"Terrorists who have been apprehended in recent weeks have admitted that the wall makes it more difficult to perpetrate attacks," says Danny Seaman, the director of the Israeli Government Press Office.
In the debate over whether the wall can really bring security, not all Israelis are on the same page. Protests over the wall's construction have included Israelis as well as Palestinians. Some Jerusalem city councilors who went out to view the construction of the wall around East Jerusalem Sunday said that building a barrier - without rebuilding dialogue with the Palestinians - would not bring peace.
"There's no choice but to build the fence, but the route is wrong, and it should only take place if at the same time the government is trying to make peace negotiations," says Sa'ar Nathaniel, a city councilman from Meretz, a left-wing party. "A unilateral step will not hold up in the long term."
The Geneva Initiative, an agreement reached last year by dovish Palestinian and Israeli figures, "shows there's a partner to talk to, and there's something to talk about," Mr. Nathaniel says. "I'm worried the public will think that this fence is a miracle cure, that they can live in a situation without peace and there will be no terrorism." Without an peace deal with the Palestinians, he says, "I think the terrorism could continue."
At the suicide bomber's home in Husan, a Palestinian village near Bethlehem, few if any of the mass of well-wishers and mourners were occupied with the construction of the barrier.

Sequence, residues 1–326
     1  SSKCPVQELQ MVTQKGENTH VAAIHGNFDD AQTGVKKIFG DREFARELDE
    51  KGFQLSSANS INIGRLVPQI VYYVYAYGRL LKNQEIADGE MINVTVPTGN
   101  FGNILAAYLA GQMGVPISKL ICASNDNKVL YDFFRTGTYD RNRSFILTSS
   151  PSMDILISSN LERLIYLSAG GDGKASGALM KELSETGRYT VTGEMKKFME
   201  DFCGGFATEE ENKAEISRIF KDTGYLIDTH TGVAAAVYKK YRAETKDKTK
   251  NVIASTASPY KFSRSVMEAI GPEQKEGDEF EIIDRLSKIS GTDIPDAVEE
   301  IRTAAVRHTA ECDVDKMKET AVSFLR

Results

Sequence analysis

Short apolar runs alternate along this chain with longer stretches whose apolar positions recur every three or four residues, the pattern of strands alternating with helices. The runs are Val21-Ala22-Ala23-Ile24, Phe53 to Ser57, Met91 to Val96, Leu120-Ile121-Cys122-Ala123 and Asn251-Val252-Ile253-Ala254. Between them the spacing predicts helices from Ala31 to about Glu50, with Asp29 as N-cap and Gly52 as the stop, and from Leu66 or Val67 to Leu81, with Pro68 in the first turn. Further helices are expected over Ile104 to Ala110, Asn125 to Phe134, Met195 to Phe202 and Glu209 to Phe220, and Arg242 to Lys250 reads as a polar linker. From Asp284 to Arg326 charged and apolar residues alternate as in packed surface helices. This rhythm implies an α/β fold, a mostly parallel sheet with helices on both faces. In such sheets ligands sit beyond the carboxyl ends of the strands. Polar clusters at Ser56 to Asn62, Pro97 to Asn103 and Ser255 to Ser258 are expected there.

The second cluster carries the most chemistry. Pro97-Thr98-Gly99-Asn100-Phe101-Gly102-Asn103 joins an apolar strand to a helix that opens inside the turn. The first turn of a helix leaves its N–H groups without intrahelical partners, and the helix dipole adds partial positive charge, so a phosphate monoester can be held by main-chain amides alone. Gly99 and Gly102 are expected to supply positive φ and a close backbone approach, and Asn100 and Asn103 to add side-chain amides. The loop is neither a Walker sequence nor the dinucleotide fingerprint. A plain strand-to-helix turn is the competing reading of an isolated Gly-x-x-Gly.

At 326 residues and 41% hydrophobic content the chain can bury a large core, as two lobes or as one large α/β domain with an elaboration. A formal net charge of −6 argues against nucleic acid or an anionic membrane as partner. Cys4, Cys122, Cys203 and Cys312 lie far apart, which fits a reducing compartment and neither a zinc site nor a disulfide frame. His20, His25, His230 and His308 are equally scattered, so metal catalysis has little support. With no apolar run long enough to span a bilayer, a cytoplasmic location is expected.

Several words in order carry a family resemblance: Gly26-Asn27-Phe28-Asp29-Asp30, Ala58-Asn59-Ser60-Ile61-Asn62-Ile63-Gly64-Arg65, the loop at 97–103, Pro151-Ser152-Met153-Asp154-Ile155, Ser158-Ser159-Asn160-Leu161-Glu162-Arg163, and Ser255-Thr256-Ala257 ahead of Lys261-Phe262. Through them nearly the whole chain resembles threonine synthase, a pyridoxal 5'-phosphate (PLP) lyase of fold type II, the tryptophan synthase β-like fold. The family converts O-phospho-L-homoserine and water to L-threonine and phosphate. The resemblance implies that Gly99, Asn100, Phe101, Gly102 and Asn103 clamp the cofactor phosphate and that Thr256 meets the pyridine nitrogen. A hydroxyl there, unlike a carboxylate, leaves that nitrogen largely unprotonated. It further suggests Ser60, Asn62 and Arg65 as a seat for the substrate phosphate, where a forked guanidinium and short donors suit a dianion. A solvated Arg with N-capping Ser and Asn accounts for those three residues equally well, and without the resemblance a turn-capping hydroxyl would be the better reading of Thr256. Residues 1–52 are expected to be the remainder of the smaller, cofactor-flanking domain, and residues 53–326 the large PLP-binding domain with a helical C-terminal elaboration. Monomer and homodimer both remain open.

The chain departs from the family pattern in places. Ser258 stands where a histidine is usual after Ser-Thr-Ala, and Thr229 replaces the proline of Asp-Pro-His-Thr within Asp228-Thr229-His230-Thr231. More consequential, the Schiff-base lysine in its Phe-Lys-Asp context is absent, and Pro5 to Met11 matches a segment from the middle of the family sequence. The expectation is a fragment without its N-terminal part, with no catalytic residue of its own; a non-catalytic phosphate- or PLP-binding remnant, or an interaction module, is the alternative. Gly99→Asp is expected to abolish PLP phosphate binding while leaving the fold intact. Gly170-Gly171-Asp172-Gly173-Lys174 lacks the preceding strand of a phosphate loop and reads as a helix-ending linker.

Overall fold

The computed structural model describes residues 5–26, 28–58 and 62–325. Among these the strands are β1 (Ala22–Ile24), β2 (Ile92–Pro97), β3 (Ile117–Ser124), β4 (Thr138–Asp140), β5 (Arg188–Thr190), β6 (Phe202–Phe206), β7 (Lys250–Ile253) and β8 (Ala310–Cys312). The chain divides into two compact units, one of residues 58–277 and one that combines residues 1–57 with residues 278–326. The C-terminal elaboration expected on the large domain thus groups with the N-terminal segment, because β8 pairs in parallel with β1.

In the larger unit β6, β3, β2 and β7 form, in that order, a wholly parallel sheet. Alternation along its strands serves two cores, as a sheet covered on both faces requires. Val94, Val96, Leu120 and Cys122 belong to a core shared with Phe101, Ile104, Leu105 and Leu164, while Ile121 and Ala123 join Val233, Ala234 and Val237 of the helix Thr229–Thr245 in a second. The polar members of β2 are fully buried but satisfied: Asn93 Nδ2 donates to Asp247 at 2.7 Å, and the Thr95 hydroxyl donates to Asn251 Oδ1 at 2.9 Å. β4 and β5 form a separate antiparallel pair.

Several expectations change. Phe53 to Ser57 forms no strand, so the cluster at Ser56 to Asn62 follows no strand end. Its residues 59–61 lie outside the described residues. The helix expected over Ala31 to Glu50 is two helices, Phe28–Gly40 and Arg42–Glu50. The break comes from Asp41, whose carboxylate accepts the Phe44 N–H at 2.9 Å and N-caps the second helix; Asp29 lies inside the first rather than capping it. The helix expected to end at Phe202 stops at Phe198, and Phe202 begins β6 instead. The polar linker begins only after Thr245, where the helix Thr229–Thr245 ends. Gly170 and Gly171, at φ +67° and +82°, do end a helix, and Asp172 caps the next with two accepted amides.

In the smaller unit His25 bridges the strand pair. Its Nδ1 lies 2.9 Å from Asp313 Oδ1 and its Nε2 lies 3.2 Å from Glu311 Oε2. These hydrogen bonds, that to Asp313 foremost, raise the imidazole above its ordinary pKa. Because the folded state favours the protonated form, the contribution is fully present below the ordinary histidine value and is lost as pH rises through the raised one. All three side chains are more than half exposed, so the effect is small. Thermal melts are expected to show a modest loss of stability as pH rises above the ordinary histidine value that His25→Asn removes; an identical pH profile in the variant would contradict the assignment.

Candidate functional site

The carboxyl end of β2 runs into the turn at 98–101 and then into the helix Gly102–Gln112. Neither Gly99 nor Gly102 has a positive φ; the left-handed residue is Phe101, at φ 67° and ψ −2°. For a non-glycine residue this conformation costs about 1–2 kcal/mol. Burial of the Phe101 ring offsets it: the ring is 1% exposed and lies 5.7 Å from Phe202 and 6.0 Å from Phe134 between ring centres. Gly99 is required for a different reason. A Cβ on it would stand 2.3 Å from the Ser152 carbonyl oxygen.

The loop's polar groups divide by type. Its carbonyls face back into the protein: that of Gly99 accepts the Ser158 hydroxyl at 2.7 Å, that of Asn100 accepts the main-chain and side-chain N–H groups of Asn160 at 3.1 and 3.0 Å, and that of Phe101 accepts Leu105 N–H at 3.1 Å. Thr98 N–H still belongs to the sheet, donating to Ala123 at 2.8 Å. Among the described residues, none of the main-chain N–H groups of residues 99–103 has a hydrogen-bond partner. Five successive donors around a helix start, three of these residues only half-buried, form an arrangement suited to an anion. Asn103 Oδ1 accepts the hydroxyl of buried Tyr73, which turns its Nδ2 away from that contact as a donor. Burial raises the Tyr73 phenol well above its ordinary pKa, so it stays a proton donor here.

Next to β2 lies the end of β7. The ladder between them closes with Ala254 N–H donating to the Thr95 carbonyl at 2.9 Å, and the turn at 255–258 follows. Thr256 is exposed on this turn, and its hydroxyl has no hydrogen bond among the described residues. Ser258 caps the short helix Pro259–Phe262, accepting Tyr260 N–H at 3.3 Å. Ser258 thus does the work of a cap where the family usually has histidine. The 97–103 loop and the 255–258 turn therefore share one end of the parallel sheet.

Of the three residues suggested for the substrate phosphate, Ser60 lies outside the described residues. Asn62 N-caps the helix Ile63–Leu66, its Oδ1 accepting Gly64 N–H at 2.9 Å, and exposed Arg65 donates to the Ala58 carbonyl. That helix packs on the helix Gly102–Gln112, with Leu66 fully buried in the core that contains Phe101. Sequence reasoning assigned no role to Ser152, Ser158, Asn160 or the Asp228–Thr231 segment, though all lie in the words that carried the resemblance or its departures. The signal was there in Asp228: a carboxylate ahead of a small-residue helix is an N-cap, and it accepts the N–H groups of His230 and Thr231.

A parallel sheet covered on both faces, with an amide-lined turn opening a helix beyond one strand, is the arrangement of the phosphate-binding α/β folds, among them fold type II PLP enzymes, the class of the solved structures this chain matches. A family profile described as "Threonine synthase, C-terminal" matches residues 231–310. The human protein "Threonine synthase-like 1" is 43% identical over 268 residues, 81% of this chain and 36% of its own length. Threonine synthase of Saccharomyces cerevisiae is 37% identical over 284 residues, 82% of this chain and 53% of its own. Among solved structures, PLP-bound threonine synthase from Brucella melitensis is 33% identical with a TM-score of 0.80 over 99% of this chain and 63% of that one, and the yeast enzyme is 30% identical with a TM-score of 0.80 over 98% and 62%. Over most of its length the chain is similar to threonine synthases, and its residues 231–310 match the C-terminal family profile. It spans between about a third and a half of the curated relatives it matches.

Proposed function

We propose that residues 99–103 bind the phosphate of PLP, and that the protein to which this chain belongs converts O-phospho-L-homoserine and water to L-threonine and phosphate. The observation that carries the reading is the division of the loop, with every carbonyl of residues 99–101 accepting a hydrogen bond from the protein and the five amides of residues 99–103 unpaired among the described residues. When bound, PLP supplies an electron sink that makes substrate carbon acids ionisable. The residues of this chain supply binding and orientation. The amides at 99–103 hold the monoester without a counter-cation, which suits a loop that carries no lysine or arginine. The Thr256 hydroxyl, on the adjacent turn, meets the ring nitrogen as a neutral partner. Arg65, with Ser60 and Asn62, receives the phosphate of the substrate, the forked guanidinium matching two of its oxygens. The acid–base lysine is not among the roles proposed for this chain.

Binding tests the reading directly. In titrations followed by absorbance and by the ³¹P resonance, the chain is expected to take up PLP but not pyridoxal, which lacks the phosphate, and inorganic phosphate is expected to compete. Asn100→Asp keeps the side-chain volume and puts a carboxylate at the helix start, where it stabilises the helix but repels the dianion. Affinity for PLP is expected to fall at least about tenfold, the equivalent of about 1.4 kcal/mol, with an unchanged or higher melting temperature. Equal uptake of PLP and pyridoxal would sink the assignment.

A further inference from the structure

Rather, they spoke of a young father who couldn't find enough work as a day laborer to feed his family: he left behind a swollen-eyed 21-year-old wife, reportedly pregnant, and a 2-year-old son. Family members said when he left home Sunday, Mohammed Zuul said he was going out "to build a mosque."
His cousin, Amjad Zuul, said Mohammed was frustrated and destitute. "He didn't have money. The Israelis pushed us into the corner - we are like besieged animals. My cousin was not allowed to have a permit to go into Israel and so he wasn't allowed to work. Too much pressure leads to explosion," he said. "You can talk about politics, but the reality in the village is different. We can't find food to feed our people."
Many Israelis are also at wit's end. Parents say they no longer feel it'd safe to allow children to ride the bus to school - but many have no other way to get them there. Beside the ruins of the shattered commuter bus Sunday, frantic mothers wandered around looking for their children.
"She's not answering her cell-phone!" cried Ruti Montalio, whose two teenage children were on the bus and had been taken to a nearby hospital.
As hawkish demonstrators gathered at the scene of the bombing, some shouted at Tzachi HaNegbi, Israel's police minister. "Where were you this morning?" one woman yelled at him from across the street.
Another, quieter woman reading from a booklet of biblical Psalms, tugged on the sleeves of his suit. "I'm living in fear. I'm not connected to any party, I just live here," said Lily Dayan, an elderly woman in wrapped in a pink scarf against a whipping February cold. "The wall isn't the answer. You must deport them or cut off from them completely."
• Samir Zedan and Ben Lynfield contributed to this report.